Five thousand Japanese leaf fleas have been released in Amsterdam to combat Japanese knotweed, a once celebrated plant the concrete-breaking roots of which now threaten local biodiversity, impinge on water quality and increase the risk of flooding.
The Dutch government made the unprecedented decision to issue an exemption on a ban on the introduction of alien species in the face of spiralling costs related to the invasive species.
The Japanese knotweed, Fallopia Japonica, is causing major damage to building foundations, pavements and dikes in the Dutch capital, costing millions of euros a year. Laboratory tests suggest that the leaf fleas – Japanese knotweed psyllids, or Aphalara itadori – can kill young shoots and potentially stop the plant growing by sucking up its sap.
An initial 5,000 fleas have been released in three field locations. It is hoped that they will successfully hibernate over winter and establish themselves in the new year. Further specimens will be released next spring.
The Japanese knotweed was introduced and cultivated in the Netherlands as an ornamental plant between 1829 and 1841 by the German botanist Philipp Franz von Siebold. Discovered by the side of a volcano, it was named as the “most interesting new ornamental plant of the year” by the Society of Agriculture and Horticulture in Utrecht.
Its aggressive roots, which can grow up to 20cm a day and break through concrete or tarmac, have since been a major issue across Europe. Amsterdam has previously looked at using fire, hot water and even laser in controlling the plant’s growth without success.
Suzanne Lommen, an entomologist at the Institute of Biology in Leiden, the southern city where the Japanese knotweed was first introduced in the Netherlands, is coordinating the trial.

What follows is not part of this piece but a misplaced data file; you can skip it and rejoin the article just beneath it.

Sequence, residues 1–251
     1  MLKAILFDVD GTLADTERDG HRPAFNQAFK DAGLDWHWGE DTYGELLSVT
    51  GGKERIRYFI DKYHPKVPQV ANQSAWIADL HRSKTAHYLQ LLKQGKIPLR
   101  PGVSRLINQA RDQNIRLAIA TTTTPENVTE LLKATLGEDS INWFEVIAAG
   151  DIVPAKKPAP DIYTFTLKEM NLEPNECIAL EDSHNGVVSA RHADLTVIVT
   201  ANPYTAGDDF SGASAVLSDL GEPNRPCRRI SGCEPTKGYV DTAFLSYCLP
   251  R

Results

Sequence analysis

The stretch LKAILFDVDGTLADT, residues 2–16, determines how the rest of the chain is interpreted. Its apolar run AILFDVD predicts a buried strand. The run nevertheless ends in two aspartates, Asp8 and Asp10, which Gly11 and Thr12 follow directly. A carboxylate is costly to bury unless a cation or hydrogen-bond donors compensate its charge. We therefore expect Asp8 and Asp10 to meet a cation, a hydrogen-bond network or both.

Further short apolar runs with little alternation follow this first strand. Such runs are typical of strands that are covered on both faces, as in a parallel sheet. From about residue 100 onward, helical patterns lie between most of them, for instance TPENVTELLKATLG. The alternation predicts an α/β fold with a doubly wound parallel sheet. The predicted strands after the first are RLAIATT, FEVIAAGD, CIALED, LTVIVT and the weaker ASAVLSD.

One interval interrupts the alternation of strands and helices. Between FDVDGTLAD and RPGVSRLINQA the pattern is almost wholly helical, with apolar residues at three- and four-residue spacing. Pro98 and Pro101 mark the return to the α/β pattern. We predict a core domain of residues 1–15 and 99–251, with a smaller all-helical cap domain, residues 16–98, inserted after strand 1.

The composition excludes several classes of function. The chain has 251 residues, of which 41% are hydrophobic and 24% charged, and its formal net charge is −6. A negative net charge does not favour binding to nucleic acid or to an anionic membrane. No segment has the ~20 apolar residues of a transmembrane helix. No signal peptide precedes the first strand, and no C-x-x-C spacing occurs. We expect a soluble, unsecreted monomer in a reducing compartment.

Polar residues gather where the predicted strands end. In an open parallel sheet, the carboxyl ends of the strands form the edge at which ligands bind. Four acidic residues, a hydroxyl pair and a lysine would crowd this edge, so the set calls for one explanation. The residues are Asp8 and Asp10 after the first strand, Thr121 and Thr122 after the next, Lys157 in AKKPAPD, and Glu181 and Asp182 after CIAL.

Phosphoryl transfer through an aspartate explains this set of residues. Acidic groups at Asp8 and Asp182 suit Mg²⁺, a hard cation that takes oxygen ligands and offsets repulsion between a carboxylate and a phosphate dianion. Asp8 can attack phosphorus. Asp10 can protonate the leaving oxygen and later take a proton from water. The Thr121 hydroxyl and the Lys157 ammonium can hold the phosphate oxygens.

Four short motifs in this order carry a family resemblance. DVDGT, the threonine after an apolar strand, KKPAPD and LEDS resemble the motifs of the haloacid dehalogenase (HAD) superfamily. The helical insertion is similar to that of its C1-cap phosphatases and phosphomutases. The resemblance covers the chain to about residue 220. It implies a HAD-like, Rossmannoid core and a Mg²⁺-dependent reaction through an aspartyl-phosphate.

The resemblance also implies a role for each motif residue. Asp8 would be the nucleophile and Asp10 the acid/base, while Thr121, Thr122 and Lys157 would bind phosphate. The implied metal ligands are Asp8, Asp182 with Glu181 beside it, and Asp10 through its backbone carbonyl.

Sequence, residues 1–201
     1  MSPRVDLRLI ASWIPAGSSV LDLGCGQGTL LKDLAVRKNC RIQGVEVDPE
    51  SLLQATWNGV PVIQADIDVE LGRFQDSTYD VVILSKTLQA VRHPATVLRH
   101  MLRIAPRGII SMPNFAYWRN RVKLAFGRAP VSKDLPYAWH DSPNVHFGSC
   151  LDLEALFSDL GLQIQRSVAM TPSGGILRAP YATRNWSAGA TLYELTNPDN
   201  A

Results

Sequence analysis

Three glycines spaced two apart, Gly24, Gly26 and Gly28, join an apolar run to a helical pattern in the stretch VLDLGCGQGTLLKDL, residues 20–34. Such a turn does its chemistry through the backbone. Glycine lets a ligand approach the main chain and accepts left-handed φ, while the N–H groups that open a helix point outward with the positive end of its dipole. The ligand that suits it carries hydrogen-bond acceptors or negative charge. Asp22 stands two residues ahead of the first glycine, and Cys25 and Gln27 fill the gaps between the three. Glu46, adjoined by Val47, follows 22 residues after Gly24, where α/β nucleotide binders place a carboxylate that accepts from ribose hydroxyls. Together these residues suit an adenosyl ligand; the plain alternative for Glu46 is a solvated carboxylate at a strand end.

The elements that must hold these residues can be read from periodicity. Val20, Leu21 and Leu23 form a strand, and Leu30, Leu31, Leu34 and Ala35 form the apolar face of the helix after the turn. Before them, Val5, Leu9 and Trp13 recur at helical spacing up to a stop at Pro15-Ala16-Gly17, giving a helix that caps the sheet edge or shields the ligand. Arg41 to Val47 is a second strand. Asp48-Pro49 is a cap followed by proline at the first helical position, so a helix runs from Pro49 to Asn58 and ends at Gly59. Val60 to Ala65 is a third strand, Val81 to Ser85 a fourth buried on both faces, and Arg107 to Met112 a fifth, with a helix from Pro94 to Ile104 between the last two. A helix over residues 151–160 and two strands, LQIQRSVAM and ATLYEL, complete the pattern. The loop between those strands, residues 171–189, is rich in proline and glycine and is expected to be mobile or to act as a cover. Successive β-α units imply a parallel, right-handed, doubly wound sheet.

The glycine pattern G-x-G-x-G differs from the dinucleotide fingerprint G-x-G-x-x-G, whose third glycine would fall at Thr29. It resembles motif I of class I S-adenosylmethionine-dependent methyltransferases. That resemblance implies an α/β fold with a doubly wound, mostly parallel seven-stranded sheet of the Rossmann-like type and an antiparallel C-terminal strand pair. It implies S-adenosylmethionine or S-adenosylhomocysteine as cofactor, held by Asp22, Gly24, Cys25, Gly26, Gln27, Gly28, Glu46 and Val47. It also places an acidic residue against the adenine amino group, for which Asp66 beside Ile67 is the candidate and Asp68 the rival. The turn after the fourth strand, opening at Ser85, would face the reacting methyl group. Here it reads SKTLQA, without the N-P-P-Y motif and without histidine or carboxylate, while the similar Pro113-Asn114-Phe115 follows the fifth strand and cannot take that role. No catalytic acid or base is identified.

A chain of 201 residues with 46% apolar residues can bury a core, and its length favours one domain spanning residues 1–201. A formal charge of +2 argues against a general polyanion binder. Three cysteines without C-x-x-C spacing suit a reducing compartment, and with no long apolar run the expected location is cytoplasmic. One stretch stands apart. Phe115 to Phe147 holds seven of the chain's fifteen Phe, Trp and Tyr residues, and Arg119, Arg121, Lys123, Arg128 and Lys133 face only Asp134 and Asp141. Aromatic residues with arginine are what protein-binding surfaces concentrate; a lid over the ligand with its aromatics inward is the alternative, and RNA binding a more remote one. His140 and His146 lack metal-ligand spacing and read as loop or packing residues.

She said: “All sorts of things have been tried, but complete pest control is extremely difficult and very expensive. We will have to combine various methods to get the Asian knotweed under control. We know from the Japanese knotweed psyllid that it can kill young shoots and slow down or even stop the growth of the plant by sucking up sap – nutrition – from the plant.
“If the psyllid can establish, reproduce and spread, and do the damage we see in the breeding trials, it can hopefully inhibit the growth and spread of Asian knotweed. Then you have a very cheap and environmentally friendly solution with many years of effect that you can combine with the more expensive methods.”
The Netherlands Food and Consumer Product Safety Authority (NVWA) has concluded that the psyllids do not pose a threat to native biodiversity.
Jaike Bijleveld, from the municipality, said there were a thousand sites in Amsterdam where knotweed had taken hold. “It’s a really big problem, but we’re working hard on it,” he told the Amsterdam newspaper Het Parool.
Lommen said there was a chance the fleas would not take to the Dutch climate. “What we do not know yet is how the psyllid will thrive in the Netherlands,” she said. “It comes from an area in Japan where the climate most resembles that of the Netherlands. In the laboratory, it thrives on the interbreed knotweed that grows here. But reality will show whether it can survive in our country.”